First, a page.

We find Daniel Carter back in a totally different environment with Claire DeBrunner on bassoon, Ken Silverman on guitar, and Tom Zlabinger on bass. Carter uses some small percussion to emphasise rhythms once in a while. The sound of the bassoon is possibly the most determining for the overall sound, yet it must be said that Silverman’s unconventional guitar-playing and Zlabinger’s often hypnotic bass playing are really good.
All the pieces have a great sense of pulse and forward movement, with sounds interweaving freely, leading to sometimes beautiful and fragile soundscapes, sometimes haunting like “Dumbo Twilight”, sometimes more explicitly rhythmic like “Riff Tide”, sometimes more abstract such as “Life Rattle”.
The music is hard to qualify. It is jazz in a way, but it’s equally open to new music and modern classical. I did not know DeBrunner, but the way she uses her bassoon in a context like this is of course highly unusual, yet at the same time a kind of revelation. True, I recently also reviewed albums with Sara Schoenbeck and Katherine Young on bassoon, yet there is a difference in approach.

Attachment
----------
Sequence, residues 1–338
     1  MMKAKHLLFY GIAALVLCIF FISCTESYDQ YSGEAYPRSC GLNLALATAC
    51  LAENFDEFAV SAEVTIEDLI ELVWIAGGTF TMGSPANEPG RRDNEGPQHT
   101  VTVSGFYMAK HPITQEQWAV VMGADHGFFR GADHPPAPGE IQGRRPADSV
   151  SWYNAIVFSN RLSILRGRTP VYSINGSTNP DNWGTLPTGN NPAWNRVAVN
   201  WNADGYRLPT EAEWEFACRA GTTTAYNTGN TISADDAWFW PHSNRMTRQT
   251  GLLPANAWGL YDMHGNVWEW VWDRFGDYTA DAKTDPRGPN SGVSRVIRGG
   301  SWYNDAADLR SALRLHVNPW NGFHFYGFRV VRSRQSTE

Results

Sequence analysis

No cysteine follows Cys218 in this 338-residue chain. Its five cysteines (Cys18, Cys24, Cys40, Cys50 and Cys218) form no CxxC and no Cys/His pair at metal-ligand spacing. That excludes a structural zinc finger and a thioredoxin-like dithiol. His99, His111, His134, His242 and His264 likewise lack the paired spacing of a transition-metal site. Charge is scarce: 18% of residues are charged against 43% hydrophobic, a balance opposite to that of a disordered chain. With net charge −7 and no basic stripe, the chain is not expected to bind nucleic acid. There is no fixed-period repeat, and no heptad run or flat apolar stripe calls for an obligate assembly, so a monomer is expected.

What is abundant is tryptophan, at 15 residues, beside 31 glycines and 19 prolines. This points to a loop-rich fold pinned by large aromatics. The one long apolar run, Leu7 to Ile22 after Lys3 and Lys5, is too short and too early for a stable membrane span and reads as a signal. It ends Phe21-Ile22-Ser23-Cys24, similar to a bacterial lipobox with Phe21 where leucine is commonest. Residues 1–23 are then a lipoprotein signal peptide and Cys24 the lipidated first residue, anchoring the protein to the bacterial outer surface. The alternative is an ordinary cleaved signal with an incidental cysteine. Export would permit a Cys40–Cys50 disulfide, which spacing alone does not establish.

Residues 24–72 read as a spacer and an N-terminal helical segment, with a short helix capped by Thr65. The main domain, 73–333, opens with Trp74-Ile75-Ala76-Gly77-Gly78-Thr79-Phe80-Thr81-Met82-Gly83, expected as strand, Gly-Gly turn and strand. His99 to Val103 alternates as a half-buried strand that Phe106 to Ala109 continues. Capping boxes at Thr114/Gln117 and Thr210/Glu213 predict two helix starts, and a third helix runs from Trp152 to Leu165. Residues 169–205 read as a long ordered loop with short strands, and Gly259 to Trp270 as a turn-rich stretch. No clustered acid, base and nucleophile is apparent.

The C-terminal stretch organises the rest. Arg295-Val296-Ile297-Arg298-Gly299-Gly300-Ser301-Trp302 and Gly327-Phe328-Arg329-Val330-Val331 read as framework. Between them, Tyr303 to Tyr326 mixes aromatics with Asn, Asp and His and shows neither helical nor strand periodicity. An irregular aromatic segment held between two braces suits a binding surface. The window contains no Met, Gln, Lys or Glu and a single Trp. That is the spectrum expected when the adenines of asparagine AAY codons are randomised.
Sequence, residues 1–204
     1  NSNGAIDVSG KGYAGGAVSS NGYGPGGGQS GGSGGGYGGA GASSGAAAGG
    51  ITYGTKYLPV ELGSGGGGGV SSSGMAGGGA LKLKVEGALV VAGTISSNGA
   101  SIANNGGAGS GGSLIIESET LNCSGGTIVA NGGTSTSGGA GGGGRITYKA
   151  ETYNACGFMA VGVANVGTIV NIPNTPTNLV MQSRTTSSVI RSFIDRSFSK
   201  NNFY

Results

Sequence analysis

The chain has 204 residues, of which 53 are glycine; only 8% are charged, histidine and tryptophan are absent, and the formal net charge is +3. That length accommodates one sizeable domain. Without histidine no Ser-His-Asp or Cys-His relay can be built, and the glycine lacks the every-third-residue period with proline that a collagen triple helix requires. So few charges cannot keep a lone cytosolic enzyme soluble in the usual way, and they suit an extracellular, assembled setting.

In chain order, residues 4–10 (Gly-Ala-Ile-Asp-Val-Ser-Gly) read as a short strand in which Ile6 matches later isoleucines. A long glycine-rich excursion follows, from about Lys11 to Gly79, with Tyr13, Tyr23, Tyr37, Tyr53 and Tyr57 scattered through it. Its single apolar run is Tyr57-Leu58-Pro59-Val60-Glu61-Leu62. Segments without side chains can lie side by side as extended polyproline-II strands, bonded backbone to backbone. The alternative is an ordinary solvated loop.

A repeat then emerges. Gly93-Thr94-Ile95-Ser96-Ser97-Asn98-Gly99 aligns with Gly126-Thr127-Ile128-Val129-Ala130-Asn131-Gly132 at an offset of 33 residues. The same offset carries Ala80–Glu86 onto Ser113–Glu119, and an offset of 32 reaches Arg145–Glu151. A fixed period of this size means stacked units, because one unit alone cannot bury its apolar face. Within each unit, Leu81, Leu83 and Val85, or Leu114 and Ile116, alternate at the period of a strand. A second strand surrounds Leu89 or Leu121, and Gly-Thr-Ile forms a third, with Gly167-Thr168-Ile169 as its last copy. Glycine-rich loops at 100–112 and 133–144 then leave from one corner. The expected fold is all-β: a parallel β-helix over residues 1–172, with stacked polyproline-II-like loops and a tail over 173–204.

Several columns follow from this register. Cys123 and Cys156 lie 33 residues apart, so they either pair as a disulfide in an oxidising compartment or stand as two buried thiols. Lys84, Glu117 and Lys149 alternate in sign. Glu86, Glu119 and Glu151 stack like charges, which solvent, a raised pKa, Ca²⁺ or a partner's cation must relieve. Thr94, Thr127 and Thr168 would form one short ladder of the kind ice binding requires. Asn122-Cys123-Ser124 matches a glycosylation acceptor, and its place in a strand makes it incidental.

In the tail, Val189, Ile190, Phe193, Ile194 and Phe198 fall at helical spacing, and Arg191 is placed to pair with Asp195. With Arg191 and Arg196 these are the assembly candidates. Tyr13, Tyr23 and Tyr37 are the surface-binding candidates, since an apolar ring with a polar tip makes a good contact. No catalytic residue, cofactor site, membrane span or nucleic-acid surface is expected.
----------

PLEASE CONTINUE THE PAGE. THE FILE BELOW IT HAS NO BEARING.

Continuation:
Totally different than “The Perfect Blue”, the album is equally rewarding, for its openness, subtlety and adventurous lyricism. Again a great demonstration of Carter’s versatility. His home is where true emotions can be expressed, regardless of style or genre.
If there’s a downside to the album, then it’s the fade-outs, which – as regular readers know – I really hate: why stop great music in mid-action? Would anyone watching a soccer game or a basket-ball match be pleased when the last ten minutes were never shown? Same with music, I think.
RT @Sheppardskaerve Back from last night's premiere's and early music, and a thoughtful response to Michael Alec Rose's wonderful music. Thanks to Metier Stephen Sutton at @DivineArtRecord Diana Mathews, Ian Mortimer, Jonathan Haskell. Read here. musicweb-internation…